In this study we aimed at assessing: (i) the environmental risk posed by mixtures of caffeine and propranolol to the freshwater ecosystems of Spain; (ii) the sensitivity of freshwater copepod species to the two compounds; (iii) if the toxicity of caffeine and propranolol to freshwater copepods contributes to the environmental risk posed by the two compounds in the freshwater bodies of Spain. The environmental risk was computed as the ratio of MECs (i.e. the measured environmental concentrations) to PNECs (i.e. the respective predicted no-effect concentrations). The effects of caffeine and propranolol on the freshwater cyclopoid Diacyclops crassicaudis crassicaudis were tested both individually and in binary mixtures. Propranolol posed an environmental risk in some but not in all the surface water ecosystems of Spain investigated in this study, while caffeine posed an environmental risk to all the investigated freshwater bodies, both as single compound and in the mixture with propranolol. Propranolol was the most toxic compound to D. crassicaudis crassicaudis, while caffeine was non-toxic to this species. The CA model predicted the toxicity of the propranolol and caffeine mixture for this species. D. crassicaudis crassicaudis was much less sensitive than several other aquatic species to both compounds. The sensitivity of D. crassicaudis crassicaudis does not increase the environmental risk posed by the two compounds in the freshwater bodies of Spain, however, further testing is recommended since the effect of toxicants on freshwater copepods can be more pronounced under multiple stressors and temperature increasing due to climate change.

The role of freshwater copepods in the environmental risk assessment of caffeine and propranolol mixtures in the surface water bodies of Spain

Galassi, Diana Maria Paola;
2019

Abstract

In this study we aimed at assessing: (i) the environmental risk posed by mixtures of caffeine and propranolol to the freshwater ecosystems of Spain; (ii) the sensitivity of freshwater copepod species to the two compounds; (iii) if the toxicity of caffeine and propranolol to freshwater copepods contributes to the environmental risk posed by the two compounds in the freshwater bodies of Spain. The environmental risk was computed as the ratio of MECs (i.e. the measured environmental concentrations) to PNECs (i.e. the respective predicted no-effect concentrations). The effects of caffeine and propranolol on the freshwater cyclopoid Diacyclops crassicaudis crassicaudis were tested both individually and in binary mixtures. Propranolol posed an environmental risk in some but not in all the surface water ecosystems of Spain investigated in this study, while caffeine posed an environmental risk to all the investigated freshwater bodies, both as single compound and in the mixture with propranolol. Propranolol was the most toxic compound to D. crassicaudis crassicaudis, while caffeine was non-toxic to this species. The CA model predicted the toxicity of the propranolol and caffeine mixture for this species. D. crassicaudis crassicaudis was much less sensitive than several other aquatic species to both compounds. The sensitivity of D. crassicaudis crassicaudis does not increase the environmental risk posed by the two compounds in the freshwater bodies of Spain, however, further testing is recommended since the effect of toxicants on freshwater copepods can be more pronounced under multiple stressors and temperature increasing due to climate change.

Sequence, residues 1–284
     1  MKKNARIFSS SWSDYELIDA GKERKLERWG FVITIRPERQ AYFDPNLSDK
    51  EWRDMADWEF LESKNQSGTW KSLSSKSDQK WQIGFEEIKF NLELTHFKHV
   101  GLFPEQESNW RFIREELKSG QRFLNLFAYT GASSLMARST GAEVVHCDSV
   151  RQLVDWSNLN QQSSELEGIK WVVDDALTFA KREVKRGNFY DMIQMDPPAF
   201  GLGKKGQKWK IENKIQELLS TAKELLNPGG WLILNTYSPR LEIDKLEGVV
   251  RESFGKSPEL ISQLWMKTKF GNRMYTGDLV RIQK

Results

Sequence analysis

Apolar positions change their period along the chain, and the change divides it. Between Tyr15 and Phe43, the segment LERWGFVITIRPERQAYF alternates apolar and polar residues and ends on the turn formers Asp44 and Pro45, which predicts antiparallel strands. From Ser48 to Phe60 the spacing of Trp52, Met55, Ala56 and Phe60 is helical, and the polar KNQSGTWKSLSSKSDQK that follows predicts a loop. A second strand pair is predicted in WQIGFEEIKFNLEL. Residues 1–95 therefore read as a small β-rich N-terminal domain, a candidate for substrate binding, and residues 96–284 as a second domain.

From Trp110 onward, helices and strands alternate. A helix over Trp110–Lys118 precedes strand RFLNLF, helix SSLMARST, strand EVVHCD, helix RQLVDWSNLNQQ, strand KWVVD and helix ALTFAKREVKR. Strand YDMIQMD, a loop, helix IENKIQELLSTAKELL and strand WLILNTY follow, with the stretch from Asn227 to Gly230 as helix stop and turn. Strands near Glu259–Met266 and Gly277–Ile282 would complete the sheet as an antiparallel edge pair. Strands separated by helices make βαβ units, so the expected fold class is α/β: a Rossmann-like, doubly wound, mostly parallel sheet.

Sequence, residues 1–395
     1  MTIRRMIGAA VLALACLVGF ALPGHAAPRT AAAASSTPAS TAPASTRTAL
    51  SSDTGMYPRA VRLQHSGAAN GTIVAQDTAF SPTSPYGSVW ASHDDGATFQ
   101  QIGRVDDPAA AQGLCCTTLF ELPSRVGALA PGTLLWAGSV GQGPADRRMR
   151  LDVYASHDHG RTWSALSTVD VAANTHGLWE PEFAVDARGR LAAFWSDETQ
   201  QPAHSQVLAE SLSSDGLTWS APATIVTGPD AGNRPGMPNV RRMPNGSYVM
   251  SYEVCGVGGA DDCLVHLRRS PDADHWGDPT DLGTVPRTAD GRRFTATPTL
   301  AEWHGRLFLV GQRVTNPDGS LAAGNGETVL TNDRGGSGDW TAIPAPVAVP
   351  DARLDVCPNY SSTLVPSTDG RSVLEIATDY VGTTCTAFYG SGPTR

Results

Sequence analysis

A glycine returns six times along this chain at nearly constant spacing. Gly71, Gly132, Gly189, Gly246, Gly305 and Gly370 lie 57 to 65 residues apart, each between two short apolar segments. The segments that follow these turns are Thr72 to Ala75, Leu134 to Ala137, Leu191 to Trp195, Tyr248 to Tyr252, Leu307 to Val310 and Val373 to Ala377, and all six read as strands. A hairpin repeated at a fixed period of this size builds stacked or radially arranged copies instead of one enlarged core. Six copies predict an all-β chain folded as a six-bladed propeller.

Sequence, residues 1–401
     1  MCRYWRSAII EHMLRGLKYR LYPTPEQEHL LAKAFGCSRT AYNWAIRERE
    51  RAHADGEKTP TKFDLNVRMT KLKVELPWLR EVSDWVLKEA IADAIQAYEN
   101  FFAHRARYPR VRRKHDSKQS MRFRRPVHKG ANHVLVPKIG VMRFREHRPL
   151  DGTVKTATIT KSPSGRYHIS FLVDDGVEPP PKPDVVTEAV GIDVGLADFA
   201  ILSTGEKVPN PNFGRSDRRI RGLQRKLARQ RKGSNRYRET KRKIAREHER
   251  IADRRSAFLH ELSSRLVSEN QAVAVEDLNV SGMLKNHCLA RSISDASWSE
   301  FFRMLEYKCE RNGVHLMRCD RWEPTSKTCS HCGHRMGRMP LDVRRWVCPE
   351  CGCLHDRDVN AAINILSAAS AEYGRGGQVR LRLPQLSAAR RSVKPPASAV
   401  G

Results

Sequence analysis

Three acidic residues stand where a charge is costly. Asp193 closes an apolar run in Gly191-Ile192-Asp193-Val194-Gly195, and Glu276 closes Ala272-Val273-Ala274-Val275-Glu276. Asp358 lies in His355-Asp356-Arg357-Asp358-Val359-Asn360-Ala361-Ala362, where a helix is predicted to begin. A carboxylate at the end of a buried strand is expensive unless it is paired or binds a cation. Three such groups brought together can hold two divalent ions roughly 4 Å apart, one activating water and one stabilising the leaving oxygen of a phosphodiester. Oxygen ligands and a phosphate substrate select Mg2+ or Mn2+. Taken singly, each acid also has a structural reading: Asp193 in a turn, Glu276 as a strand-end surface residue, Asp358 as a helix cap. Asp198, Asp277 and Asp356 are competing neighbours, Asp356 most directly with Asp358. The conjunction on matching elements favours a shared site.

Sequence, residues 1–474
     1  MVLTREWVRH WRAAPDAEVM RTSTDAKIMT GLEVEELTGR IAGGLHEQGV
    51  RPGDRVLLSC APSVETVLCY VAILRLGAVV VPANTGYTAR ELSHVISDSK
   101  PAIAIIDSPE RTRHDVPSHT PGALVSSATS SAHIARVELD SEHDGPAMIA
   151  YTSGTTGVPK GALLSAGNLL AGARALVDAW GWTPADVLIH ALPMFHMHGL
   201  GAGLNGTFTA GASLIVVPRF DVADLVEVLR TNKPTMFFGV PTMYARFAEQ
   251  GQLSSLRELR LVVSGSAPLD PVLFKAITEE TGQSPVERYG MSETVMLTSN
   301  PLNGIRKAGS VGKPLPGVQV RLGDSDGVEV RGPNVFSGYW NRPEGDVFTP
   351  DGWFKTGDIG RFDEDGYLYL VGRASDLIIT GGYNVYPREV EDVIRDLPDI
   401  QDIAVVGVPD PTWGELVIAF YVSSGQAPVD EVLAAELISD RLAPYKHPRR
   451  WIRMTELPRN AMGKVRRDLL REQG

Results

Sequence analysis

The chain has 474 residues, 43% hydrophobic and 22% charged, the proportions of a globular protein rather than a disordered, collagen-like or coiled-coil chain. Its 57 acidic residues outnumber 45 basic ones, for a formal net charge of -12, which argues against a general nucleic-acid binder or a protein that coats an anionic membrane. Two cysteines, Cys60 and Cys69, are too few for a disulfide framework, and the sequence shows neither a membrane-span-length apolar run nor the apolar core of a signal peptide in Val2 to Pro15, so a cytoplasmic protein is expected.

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Utilizza questo identificativo per citare o creare un link a questo documento: http://hdl.handle.net/11697/132673
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